Share this article

The Netball World Cup 2023 has revealed “Letsatsi” the meerkat as the official mascot of the Netball World Cup 2023 (NWC2023) during the Opening Ceremony of the NWC2023 Qualifier Africa in Pretoria, South Africa on the 22nd of August 2022.

The NWC2023 Qualifiers Africa runs from the 21st to the 27th of August 2023.  These are the second of the five qualifiers for the NWC2023. Much preparation has been done to guarantee an unforgettable experience for all teams, fans and spectators.

Netball South Africa President, Cecilia Malokwane said: “The unveiling of Letsatsi signifies the milestones that we have reached as the Netball World Cup Board and community. We have always said that this Netball World Cup belongs to all Africans and not only to South Africa.

“I am very happy that we are at this point, this is a clear indication of how ready we are to welcome the world to our shores, we are ready to deliver an African World Cup. The unveiling of Letsatsi tells the world that we are ready for them.”

As part of the preparations for the NWC2023 a competition was announced in March 2022 with the theme “What does netball mean to me”, where the Netball Family were asking to design a mascot.

Out of all the entries, locally and internationally, the winning design came from 11-year-old Violet Cassidy from Manchester, UK, who explained . “I have chosen a meerkat because meerkat’s work together as a team and are native to South Africa,” she said.

The mascot was given a South African name “Letsatsi” meaning sun. In addition, the mascot will be dressed in the colours of the NWC2023, inclusive of all the countries that will be taking part in the event.

Speaking on the announcement, World Netball CEO Clare Briegal said: “It’s great to see the second of the five Netball World Cup 2023 Regional Qualifiers get underway, this time in the host country South Africa.  How special to use this as a platform to launch the mascot for the Netball World Cup 2023!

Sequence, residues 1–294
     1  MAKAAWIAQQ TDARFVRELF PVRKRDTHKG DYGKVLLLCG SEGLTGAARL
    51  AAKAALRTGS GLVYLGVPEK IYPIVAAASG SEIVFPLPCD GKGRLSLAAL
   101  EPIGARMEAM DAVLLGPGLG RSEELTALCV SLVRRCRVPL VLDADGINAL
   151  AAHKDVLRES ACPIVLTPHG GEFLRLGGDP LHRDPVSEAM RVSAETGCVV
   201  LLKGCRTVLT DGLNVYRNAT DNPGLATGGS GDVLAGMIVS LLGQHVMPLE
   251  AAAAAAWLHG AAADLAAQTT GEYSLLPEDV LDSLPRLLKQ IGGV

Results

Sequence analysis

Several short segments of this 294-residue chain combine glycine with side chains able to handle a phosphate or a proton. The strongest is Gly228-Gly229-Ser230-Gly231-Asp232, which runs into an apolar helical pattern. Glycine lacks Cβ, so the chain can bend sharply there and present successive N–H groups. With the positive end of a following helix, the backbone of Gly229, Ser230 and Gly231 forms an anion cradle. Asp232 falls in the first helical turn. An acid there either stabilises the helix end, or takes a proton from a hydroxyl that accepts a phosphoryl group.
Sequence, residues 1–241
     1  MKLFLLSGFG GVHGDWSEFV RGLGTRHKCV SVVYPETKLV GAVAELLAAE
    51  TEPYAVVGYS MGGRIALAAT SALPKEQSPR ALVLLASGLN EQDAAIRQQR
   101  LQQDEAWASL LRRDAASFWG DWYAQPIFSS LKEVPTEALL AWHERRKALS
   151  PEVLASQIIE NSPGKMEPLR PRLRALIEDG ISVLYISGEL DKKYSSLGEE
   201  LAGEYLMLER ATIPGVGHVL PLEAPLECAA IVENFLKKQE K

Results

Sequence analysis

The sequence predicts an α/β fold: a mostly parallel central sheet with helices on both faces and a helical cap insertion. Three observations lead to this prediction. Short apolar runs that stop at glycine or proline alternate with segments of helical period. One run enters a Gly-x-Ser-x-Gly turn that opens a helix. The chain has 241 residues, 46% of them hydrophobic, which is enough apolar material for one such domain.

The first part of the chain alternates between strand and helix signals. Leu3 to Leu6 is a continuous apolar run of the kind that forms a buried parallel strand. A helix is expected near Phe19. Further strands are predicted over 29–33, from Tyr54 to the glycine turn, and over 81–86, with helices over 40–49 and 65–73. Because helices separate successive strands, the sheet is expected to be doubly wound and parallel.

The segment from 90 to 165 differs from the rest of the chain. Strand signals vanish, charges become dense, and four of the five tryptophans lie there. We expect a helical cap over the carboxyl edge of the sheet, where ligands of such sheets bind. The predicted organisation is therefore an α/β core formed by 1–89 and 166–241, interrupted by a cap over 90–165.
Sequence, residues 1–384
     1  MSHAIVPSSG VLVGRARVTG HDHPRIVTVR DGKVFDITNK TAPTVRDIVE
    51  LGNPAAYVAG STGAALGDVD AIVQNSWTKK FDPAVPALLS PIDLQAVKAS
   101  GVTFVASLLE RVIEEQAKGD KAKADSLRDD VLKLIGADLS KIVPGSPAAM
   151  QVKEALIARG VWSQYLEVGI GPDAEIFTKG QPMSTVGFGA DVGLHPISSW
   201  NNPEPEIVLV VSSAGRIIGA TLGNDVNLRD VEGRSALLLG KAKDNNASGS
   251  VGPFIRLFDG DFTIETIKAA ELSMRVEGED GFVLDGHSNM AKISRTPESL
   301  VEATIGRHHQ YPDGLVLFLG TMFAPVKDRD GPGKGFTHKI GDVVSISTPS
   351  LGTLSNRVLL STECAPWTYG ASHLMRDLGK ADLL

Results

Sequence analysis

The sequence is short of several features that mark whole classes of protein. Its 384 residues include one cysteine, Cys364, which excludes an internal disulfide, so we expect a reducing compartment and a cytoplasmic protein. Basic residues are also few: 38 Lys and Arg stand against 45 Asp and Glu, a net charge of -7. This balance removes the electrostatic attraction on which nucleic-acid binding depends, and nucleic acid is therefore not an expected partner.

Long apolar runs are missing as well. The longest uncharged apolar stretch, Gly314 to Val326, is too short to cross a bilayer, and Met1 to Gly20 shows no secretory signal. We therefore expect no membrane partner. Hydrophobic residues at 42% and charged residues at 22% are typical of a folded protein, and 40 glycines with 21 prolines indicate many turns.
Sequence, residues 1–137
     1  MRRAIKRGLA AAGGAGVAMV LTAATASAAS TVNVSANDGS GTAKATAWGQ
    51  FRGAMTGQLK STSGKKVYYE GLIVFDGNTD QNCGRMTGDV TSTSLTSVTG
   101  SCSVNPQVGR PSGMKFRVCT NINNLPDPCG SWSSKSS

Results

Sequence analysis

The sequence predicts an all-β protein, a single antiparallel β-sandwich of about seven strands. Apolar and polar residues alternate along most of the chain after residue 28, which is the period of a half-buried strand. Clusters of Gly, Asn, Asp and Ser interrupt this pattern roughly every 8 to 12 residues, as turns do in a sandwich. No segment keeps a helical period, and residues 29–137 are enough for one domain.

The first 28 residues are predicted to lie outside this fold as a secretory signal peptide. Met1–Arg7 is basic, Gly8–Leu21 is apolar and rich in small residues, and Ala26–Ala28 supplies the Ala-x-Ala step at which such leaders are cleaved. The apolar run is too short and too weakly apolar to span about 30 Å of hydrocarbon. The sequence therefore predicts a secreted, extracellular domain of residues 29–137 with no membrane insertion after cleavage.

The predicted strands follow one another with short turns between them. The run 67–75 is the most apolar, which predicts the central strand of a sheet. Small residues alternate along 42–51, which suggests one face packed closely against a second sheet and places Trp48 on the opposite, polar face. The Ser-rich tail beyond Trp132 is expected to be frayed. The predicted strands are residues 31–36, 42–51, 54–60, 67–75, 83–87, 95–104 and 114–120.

“World Netball refers to our teams, Member nations, officials, volunteers and fans as the Netball Family.  Violet’s choice of the meerkat, a highly social animal that lives in supportive family groups, is perfect for netball”.

The 16th edition of the Netball World Cup will be the first to be held in Africa since the first World Cup, held 60 years before in 1963, making it a very special event for South Africa.

“The momentum continues to build around the World Cup as we introduce Netball fans and support to more elements of the World Cup. The Netball World Cup 2023 mascot represents the teamwork that is needed in netball.

“Meerkats are known to live in large groups and have a female dominance,” added Netball World Cup 2023 Tournament Director, Ms Priscilla Masisi.

As the NWC2023 Qualifiers – Africa are underway, nine teams will be playing and of those South Africa and Malawi have prequalified. The remaining seven (Namibia, Zimbabwe, Botswana, Tanzania, Zambia, Kenya and Eswatini) are competing for two further qualification places.

“As the Netball World Cup 2023 family, we are excited that we have reached this milestone at the same time as we were unveiling our official mascot that was designed to create excitement for the first Netball World Cup in Africa. We are also delighted to see that the Netball World Cup 2023 Africa Qualifiers have commenced and wish all teams the very best of luck as they compete to qualify for the Netball World Cup 2023,” said Netball World Cup 2023 Board Chairperson, Ms Patience Shikwambana.

The Netball Family is urged to participate in the Netball Fridays campaign by wearing their netball gear and any other sporting wear every Friday to show support for the Netball World Cup 2023.

“This is another exciting milestone as we move closer to NWC 2023. Over and above bringing a sense of joy, fun and lasting memories of any event when we see the mascot, they also reaffirm a sense of identity.

“We sincerely hope every young girl is inspired by Letsatsi, our mascot, the meerkat who, like netball players, represents resilience, teamwork, aggression when needed and a sense of protectiveness,” concluded  Nathi Mthethwa, Minister of Sport, Arts, and Culture.